Lack of geographical boundaries makes social media regulation an arduous task. Nonetheless, increasing ambiguity of content, rickety sentiments around fragile subjects and varying public opinion in general have given rise to a sharp need of touchstones that sunder acceptable from something that is not.
Not many days ago, Twitter made its user guidelines available in vernacular languages. This is however limited to readers who actually have the patience to read those guidelines – slim pickings indeed.
Between, July to December 2014, Twitter received 41 account information requests from the Indian government. So, who actually requires building a regulation mechanism, Twitter, Indian government or the users who actually post ambiguous content?
Self regulation & Government
In 2007 Indian law enforcement entered an agreement with the then popular social networking site Orkut to track down what it deemed as defamatory content which, in their example, included content critical of Bal Thackeray.
Additionally, in 2011 Kapil Sibal, the then acting Telecommunications minister of India bought in pre – screening of content on popular websites such as Google, Facebook and Yahoo!
However, that has been the extent of it. Not to mention that taking off content on Bal Thackeray neared more to anarchism and not regulation.
On similar lines, in 2012 Australian MPs started using their legislative powers, compelling social networks to swiftly delete offensive content. The move was taken, briefly after Facebook refused to take action against a “controversial humour.” (Yes, the page did disappear miraculously after a few days).
Where does one draw a line between anarchy and regulation?
A change in Violent Threat policies by Twitter or other such generic movements need to be translated into niche solutions basis culture of individual countries. Look at it this way, buddhi (old lady) might not be a violent word according to Twitter. However, when placed it in India in a tweet by KRK, everything becomes violent.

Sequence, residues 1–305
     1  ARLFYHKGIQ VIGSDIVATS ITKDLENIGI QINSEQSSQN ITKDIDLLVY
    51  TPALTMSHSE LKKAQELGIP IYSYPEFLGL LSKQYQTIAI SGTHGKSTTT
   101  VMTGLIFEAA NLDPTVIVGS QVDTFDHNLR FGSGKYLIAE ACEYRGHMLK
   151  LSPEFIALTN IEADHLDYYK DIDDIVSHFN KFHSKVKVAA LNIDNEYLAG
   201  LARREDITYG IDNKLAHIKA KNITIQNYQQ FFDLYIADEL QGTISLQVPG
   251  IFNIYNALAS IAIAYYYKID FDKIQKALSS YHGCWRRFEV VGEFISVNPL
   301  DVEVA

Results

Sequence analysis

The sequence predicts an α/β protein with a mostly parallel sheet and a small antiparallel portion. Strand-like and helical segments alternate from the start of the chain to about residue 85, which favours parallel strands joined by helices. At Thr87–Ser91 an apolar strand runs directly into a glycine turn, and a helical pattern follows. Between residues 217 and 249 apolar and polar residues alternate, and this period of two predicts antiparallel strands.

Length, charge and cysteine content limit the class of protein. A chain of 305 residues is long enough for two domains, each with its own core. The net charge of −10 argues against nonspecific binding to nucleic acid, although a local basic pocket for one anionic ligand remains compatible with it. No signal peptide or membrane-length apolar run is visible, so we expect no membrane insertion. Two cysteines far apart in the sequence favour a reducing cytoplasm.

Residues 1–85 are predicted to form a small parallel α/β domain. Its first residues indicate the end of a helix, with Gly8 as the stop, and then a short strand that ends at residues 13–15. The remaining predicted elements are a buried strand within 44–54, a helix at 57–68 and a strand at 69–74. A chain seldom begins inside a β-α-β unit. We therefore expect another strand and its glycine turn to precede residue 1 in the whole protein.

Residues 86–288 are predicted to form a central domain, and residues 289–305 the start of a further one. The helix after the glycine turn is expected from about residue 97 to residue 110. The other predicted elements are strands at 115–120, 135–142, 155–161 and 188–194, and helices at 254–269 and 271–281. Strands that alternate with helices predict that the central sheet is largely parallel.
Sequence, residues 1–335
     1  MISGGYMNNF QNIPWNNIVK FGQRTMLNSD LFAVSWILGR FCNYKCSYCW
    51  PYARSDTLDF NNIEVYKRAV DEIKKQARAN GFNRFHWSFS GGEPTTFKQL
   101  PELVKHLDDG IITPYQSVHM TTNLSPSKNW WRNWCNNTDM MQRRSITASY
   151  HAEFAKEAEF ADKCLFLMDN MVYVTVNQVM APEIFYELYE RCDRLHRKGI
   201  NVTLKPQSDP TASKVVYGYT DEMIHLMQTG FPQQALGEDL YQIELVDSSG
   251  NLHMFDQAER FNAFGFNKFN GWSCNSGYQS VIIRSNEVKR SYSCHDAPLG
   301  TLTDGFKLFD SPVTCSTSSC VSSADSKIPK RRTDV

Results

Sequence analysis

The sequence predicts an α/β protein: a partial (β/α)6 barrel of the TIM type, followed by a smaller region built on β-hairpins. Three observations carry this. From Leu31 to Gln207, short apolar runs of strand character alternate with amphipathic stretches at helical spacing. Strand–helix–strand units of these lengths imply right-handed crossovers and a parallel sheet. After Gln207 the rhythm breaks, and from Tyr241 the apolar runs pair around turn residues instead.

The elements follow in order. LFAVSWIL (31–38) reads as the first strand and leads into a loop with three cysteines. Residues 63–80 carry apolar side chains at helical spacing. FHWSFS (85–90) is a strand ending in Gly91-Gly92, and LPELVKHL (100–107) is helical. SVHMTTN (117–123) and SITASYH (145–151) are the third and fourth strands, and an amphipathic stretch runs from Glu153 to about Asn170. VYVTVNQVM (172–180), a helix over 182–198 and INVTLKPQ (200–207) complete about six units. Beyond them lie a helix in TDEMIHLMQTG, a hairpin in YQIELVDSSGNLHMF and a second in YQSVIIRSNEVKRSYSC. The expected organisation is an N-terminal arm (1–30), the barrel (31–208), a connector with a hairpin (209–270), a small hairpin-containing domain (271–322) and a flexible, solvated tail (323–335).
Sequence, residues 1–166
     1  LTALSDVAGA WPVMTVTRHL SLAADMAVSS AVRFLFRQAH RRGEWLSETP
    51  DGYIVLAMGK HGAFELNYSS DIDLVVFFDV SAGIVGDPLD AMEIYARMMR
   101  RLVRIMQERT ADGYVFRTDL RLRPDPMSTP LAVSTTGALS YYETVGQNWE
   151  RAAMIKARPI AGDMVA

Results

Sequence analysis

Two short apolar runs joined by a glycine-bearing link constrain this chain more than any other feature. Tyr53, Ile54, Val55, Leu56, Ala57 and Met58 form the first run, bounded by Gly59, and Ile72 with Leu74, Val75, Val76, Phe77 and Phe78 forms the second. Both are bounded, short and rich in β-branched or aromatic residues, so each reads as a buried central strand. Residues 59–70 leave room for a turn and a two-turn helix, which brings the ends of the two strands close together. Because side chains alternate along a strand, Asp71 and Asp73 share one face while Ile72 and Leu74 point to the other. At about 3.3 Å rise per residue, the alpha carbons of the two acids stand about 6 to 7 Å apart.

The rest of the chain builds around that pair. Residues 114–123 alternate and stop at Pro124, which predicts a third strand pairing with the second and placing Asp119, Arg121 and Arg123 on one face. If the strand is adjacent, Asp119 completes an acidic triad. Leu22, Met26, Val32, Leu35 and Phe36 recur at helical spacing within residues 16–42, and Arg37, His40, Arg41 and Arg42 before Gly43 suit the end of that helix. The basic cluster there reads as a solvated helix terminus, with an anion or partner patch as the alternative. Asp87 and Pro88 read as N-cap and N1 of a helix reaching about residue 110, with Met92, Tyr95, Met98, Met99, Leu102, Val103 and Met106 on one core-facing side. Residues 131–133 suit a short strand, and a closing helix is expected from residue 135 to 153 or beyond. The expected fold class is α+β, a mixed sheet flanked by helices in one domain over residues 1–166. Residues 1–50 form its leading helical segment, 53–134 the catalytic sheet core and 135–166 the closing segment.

The need is of customised solutions which require the Government to team up with social media platforms to nurture content.
Also, when there is an IBF for television, ASCI for advertising, then why not a regulatory body for social media?
It’s simple; no one grows into a responsible citizen by themselves. Everyone needs to be groomed and nurtured into it. Social media is the young kid that needs the same.
Self regulation & content
AIB Knockout was an eye opener. While I personally enjoyed the show thoroughly, there were plenty of those who took offence. How do we deal with it? Not creating content is definitely not an option.
A possible option would be to create awareness around the nature of the content and make it difficult to access. For instance, along with a disclaimer, AIB could have resorted to options such as creating a sign up page to access the content.
Self regulation & users
While we discuss the responsibilities that social networking sites and the Government need to take up, we also need to vouch for the fact that a major chunk of responsibility lays with us citizens.
How many of us actually approved to the tweets put up by Farah Khan and Abhijeet on #SalmanVerdict?
As a socially responsible citizen we need to account for what we put up on our social media pages. Yes, it is our personal page to voice our personal opinions. But there has to be a shade of regulation to it. If we draw a line between strong opinions and hate speech, the Government may actually not have to resort to anarchism.
The final step
From backlash on Deepika’s cleavage post to varied responses on received on AIB Knockout, India so far has not incorporated self regulation in its social media deeds. Will we take an action before it’s too late?